Statistical analysis

The statistical analysis was performed with SPSS for Windows (version 21.0, SPSS IBM Corp., Armonk, NY, USA). Parameters of ejaculated raw and washed motile spermatozoa were compared for pregnant and nonpregnant couples using independent sample Student's t-tests. The significance of any correlations between sperm DNA damage in both semen and motile spermatozoa and IVF outcomes were examined by Spearman's tests. Any predictive factors for clinical pregnancy after IVF were identified by multivariate logistic regression. Corresponding differences in reproductive outcome (e.g., age, FSH, BMI, number of oocytes, fertilization rate, good embryo formation rate, blastocyst formation rate, CPR, and abortion rates) in different groups were compared using one-way analysis of variance (ANOVA), Chi-squared tests, and Fisher's exact tests. P < 0.05 was considered statistically significant.

  Results Top

This study included a total of 161 cycles of IVF. According to the outcomes, we divided the cases into pregnant and nonpregnant groups. There was a significant difference in sperm DNA damage between groups (P < 0.05), whether from the ejaculated untreated spermatozoa or washed motile spermatozoa ([Table 1]).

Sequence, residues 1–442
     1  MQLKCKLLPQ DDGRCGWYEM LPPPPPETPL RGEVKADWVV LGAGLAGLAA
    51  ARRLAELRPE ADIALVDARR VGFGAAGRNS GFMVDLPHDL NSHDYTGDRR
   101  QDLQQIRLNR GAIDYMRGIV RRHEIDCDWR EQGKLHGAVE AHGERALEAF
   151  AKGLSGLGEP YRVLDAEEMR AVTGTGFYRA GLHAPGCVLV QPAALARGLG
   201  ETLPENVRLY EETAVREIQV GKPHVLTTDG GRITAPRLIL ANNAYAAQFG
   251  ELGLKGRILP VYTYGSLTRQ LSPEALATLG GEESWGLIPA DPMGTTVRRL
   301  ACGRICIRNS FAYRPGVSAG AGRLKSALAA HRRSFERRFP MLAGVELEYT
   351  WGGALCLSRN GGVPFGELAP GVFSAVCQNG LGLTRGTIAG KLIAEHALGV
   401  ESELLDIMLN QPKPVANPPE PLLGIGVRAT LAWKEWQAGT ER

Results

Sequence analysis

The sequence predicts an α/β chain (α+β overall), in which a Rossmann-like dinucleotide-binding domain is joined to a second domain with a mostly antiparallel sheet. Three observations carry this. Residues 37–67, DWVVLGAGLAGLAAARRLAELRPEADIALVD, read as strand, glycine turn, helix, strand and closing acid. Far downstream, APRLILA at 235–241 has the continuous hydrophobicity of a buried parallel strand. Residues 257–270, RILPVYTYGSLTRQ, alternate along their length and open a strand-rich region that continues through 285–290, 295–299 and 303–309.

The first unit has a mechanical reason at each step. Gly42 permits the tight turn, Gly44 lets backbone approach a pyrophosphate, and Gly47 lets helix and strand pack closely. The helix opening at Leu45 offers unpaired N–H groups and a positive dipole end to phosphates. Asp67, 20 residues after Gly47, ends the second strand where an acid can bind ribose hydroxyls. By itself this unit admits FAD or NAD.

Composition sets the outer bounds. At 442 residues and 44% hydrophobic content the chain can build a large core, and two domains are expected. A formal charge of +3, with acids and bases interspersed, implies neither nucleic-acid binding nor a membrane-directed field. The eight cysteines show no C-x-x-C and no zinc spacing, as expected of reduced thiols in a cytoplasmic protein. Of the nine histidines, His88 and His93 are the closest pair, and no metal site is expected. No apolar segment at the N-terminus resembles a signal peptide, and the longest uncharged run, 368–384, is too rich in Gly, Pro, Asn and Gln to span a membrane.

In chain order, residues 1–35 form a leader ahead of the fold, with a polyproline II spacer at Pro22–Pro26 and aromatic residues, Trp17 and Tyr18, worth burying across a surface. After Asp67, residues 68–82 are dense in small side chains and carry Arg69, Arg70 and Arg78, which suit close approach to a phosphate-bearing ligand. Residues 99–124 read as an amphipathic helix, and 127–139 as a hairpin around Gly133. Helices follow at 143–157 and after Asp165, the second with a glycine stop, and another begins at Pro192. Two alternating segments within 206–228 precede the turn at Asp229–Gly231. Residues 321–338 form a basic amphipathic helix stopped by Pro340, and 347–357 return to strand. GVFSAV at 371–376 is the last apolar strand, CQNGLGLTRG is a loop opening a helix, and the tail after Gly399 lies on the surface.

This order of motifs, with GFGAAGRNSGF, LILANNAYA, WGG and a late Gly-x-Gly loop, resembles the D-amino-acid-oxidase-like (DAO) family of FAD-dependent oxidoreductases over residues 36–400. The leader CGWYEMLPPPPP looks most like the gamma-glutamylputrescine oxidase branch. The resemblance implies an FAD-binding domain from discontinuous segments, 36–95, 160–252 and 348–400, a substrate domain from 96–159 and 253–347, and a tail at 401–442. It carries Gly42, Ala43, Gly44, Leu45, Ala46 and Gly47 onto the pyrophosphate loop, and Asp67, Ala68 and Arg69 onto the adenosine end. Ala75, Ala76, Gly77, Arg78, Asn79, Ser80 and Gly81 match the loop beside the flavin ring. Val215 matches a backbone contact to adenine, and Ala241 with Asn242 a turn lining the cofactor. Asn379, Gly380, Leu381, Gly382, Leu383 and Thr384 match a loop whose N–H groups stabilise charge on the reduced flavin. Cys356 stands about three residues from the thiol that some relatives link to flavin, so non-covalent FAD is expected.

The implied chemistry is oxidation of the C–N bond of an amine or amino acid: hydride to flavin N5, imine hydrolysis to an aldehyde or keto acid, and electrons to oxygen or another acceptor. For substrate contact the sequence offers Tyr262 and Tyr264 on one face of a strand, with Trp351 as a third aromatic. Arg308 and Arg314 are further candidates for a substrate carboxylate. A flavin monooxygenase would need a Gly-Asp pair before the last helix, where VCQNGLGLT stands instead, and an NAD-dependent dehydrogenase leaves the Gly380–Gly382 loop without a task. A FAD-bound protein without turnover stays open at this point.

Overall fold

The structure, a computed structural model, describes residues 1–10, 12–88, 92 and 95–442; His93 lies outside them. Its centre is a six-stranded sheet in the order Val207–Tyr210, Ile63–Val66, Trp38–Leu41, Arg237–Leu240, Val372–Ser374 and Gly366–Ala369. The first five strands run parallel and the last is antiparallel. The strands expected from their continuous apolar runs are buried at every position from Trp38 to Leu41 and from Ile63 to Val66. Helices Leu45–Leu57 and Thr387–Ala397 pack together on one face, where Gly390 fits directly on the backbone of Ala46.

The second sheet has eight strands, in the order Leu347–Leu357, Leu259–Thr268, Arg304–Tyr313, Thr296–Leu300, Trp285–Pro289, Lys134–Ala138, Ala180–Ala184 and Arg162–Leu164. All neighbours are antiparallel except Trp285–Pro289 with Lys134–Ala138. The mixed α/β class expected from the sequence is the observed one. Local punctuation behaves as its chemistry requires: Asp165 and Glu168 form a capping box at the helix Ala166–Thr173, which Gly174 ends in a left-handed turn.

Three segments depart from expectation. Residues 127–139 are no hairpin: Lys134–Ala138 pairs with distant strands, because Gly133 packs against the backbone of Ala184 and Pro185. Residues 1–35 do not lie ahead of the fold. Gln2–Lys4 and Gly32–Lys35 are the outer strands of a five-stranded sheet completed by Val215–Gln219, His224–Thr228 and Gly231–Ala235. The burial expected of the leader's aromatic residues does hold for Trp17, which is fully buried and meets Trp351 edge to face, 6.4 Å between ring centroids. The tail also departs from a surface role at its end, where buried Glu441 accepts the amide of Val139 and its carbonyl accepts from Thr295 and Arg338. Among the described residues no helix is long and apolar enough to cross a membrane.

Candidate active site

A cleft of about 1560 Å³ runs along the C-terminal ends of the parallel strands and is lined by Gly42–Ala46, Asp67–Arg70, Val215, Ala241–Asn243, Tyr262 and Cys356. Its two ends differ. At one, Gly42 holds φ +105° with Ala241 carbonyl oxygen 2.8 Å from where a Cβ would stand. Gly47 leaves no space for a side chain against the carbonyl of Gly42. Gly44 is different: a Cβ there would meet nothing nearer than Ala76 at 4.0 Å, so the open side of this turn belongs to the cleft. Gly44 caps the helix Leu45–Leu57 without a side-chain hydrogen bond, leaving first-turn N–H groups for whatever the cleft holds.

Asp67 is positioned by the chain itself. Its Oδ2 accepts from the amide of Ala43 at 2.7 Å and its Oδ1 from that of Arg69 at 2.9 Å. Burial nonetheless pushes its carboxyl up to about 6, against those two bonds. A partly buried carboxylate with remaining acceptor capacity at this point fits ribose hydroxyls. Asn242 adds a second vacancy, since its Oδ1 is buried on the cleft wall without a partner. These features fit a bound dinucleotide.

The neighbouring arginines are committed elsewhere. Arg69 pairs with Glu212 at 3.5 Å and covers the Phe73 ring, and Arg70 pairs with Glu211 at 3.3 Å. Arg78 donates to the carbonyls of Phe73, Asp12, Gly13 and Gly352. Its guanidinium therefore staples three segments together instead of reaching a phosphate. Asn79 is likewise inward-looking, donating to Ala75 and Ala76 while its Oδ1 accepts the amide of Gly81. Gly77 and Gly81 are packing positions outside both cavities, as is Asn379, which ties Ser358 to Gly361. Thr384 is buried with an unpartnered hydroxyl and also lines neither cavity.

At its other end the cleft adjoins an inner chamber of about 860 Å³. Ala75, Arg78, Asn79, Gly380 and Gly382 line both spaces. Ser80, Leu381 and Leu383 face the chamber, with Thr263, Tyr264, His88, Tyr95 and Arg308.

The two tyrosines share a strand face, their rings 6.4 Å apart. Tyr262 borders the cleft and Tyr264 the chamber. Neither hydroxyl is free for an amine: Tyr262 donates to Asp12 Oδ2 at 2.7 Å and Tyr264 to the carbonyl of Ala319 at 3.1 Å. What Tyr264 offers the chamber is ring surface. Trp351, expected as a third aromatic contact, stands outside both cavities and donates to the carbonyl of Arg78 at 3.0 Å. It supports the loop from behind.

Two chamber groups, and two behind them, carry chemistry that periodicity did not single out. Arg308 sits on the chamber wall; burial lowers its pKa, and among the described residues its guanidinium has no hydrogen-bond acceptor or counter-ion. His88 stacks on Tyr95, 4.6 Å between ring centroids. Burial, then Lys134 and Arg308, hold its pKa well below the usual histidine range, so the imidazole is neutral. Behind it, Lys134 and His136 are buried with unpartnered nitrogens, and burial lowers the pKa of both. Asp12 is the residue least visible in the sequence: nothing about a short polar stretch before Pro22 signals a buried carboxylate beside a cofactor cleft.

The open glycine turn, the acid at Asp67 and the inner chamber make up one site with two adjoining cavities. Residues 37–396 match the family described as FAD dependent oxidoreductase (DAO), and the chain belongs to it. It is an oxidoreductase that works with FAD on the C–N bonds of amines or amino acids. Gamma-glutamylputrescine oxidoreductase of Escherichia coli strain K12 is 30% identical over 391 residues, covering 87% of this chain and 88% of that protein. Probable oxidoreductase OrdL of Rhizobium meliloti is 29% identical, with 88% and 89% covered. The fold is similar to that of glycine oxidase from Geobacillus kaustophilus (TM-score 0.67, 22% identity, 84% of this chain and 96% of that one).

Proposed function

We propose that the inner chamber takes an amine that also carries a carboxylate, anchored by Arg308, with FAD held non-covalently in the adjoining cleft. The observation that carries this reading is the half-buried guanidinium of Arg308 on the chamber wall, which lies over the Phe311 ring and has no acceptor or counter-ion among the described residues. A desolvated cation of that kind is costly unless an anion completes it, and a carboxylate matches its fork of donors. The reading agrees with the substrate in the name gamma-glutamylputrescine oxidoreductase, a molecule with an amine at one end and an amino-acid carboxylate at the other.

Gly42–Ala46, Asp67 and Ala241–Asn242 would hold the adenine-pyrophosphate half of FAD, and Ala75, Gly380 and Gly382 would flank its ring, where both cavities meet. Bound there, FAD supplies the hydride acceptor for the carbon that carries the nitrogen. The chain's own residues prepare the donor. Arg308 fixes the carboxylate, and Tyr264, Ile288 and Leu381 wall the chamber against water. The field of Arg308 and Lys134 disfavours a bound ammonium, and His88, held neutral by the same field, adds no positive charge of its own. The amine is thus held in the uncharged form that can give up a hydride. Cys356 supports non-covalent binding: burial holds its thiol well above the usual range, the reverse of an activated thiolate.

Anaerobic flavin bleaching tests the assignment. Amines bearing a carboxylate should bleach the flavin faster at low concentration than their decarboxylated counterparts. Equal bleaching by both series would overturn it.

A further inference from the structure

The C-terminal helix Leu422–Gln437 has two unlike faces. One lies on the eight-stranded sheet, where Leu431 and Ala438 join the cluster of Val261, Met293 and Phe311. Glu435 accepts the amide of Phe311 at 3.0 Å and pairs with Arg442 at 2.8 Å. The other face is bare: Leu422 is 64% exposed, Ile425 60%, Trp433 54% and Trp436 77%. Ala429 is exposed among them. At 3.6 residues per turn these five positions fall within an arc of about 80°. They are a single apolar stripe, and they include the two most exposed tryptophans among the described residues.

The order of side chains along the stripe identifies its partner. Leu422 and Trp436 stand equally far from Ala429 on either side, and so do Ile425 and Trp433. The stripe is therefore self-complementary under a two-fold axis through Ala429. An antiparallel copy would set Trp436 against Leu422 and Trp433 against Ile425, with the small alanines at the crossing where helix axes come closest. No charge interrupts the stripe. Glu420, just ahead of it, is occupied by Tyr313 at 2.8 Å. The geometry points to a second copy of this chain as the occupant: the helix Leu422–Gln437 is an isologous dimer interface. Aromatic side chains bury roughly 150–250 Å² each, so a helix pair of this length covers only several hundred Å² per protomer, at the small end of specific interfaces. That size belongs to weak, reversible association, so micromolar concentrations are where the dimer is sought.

Table 1: Comparison of various sperm parameters on in vitro fertilization treatment

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Spearman correlation coefficients between sperm tests including sperm DNA damage in both semen and purified motile spermatozoa and IVF outcomes (day 3 embryo quality, blastocyst formation and embryo implantation rates and CPR) were determined. All sperm DNA damage measures including those for semen and motile spermatozoa were significantly correlated with IVF outcomes, with an increase in DNA damage associated with decreases in embryo quality and CPR ([Table 2]).
Table 2: Correlations (Spearman test) between sperm DNA damage in semen or motile spermatozoa and in vitro fertilization outcomes

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We considered female and male ages, number of oocytes retrieved, oocytes at meiosis (M) stage II, sperm concentration and total motility, sperm morphology, and sperm DNA damage in raw semen as covariates, with the clinical pregnancy rate as the dependent variable for logistic regression analysis. This confirmed that sperm DNA damage was an independent predictor of the CPR in these IVF cycles with an odds ratio of 0.279 (95% confidence interval: 0.086-0.901; [Table 3]).
Table 3: Logistic regression analysis of prognostic factors and clinical pregnancy